The second issue with combining an attack phase with SSG-EG mode is a little more subtle, and a lot more serious. If you look in an earlier section where I present pseudocode for the update process for the attack phase, you'll see that I mention the attack phase uses the output inversion bit to invert the output. Both the decay and attack phases use an incrementing value to represent the attenuation value, but the attack phase uses this output inversion setting to negate the output, which creates a falling attenuation (rising volume), instead of a rising attenuation (falling volume). The problem is, SSG-EG mode uses the output inversion bit too, and they end up interfering with each other. Sometimes the beginning of the attack phase will override the changes made by SSG-EG mode, and sometimes it will be the other way around. The worst thing is, because the update timing of the attack cycle, like all envelope update cycles, is tied to the global cycle count for the envelope generator, the results are inconsistent. If you repeat a key-on for the operator without changing any settings, you might get quite a different result.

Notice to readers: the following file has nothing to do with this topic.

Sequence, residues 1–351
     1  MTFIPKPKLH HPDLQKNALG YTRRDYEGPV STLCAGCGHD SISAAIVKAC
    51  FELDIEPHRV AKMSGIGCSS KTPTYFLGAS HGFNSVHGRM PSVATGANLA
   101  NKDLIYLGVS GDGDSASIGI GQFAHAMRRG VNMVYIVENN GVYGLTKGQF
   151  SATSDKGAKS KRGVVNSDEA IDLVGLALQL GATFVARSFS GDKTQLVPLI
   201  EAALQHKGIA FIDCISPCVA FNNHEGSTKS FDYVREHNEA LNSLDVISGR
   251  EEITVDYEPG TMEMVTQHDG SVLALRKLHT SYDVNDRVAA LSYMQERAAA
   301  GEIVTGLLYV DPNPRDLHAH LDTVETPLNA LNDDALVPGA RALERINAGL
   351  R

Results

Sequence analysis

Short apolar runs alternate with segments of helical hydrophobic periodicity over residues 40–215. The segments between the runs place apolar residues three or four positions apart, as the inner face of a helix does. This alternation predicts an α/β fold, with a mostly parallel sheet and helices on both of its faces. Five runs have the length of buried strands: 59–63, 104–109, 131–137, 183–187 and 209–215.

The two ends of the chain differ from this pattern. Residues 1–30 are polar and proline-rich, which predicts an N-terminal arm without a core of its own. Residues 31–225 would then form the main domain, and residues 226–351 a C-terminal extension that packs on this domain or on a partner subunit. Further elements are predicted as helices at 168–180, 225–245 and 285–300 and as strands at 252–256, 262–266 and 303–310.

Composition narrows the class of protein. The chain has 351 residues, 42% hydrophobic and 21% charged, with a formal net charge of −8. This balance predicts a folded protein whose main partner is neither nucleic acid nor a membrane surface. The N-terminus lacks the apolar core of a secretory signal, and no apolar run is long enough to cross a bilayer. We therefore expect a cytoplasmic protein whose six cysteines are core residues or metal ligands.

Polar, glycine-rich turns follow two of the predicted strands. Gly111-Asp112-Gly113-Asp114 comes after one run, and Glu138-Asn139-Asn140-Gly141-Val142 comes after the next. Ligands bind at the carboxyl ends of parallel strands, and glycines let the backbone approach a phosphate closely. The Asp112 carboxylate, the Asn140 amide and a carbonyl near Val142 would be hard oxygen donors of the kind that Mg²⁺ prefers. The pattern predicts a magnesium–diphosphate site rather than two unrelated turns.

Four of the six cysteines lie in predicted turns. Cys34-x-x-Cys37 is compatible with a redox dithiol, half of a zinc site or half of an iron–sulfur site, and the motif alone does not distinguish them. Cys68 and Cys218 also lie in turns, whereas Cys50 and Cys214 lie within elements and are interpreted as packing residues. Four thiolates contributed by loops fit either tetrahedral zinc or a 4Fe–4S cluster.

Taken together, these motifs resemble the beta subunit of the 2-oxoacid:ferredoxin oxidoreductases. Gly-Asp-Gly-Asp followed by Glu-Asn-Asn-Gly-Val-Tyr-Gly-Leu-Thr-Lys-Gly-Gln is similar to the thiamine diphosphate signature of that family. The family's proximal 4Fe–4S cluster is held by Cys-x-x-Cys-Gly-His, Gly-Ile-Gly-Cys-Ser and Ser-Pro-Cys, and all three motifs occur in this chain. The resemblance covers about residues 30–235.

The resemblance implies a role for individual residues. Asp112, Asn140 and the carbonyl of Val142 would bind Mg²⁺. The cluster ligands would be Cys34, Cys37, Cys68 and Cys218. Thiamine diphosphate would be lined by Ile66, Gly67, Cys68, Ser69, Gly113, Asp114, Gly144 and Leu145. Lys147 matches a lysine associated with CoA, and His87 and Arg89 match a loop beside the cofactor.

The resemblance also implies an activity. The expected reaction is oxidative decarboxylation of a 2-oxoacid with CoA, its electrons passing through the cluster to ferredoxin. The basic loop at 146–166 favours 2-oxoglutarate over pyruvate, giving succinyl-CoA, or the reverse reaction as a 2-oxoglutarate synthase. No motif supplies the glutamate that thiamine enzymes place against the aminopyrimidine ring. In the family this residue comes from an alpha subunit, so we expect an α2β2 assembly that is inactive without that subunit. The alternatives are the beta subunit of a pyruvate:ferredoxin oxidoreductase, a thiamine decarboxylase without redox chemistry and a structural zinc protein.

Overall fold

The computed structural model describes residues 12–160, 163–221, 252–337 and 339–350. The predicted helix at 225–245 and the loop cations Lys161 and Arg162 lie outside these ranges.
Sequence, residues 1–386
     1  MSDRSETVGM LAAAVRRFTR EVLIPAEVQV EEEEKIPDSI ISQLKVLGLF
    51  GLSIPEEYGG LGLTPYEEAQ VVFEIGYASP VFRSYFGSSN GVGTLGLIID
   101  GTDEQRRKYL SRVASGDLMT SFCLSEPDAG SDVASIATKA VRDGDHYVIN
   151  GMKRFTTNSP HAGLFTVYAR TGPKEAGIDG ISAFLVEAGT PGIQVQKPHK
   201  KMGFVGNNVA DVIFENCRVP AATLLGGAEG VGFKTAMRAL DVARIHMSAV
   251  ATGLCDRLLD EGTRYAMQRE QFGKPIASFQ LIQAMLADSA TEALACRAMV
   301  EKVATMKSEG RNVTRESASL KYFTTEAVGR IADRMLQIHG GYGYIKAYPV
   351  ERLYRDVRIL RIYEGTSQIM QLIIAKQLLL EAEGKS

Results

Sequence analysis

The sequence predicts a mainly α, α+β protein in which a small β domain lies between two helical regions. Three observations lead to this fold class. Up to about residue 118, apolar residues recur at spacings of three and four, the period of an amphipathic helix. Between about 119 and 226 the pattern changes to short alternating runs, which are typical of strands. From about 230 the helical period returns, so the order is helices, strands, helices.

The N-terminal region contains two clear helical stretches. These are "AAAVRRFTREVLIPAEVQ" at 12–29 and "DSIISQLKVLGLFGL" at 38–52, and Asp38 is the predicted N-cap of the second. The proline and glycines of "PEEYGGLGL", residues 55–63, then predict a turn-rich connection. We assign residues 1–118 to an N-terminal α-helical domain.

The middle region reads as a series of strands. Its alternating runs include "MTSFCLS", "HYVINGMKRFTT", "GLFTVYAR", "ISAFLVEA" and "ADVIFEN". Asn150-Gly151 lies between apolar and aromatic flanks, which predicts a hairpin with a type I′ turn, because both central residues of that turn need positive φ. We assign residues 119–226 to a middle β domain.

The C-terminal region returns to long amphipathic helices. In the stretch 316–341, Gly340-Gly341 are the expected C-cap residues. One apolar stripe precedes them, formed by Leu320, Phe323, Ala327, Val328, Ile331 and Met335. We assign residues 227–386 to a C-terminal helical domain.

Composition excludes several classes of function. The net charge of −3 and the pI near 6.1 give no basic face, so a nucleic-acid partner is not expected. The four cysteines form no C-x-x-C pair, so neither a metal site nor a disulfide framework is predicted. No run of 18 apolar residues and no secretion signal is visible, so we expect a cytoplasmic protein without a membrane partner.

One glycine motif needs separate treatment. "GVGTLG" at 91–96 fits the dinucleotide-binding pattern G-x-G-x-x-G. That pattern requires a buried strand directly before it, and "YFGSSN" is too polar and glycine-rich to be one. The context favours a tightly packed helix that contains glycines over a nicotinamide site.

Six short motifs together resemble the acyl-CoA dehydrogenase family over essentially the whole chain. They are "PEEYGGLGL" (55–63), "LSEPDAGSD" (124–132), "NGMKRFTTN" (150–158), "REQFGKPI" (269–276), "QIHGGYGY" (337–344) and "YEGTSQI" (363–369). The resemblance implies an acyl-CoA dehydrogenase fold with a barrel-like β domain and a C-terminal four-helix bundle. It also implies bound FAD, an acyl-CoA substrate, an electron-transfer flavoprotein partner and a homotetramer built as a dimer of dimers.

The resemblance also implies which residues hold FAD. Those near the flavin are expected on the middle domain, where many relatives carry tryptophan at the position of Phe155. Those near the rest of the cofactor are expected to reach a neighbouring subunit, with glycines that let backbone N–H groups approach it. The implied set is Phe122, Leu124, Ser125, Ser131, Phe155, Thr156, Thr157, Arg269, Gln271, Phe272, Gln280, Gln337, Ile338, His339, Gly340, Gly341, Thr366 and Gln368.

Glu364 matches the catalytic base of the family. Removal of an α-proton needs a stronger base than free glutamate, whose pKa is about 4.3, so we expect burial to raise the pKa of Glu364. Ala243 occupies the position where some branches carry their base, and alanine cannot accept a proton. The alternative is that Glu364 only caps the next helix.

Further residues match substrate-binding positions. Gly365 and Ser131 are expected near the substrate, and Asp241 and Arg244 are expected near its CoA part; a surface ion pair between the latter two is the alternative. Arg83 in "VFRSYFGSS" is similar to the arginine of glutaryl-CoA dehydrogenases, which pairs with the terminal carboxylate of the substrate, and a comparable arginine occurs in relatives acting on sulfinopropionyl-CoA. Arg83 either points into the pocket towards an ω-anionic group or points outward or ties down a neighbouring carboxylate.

With a real attack phase and SSG-EG mode both active, the first two SSG-EG patterns always work correctly, as they don't affect the output inversion bit. Patterns which use the ATT bit to start the output inverted sometimes have their inversion overridden by the attack phase, so they will start non-inverted. Patterns which use the ALT bit are severely affected, as at the start of each repetition, including the first, there's a chance that it could go either way, so each successive repetition may either be inverted or not inverted. There's also often a cross-over period of one update cycle for the envelope phase, where the output inversion bit is set by SSG-EG, then overridden by the attack phase, creating a loud spike between each repetition.
Here's a screenshot showing the messed up stuff you can get with the ALT bit set: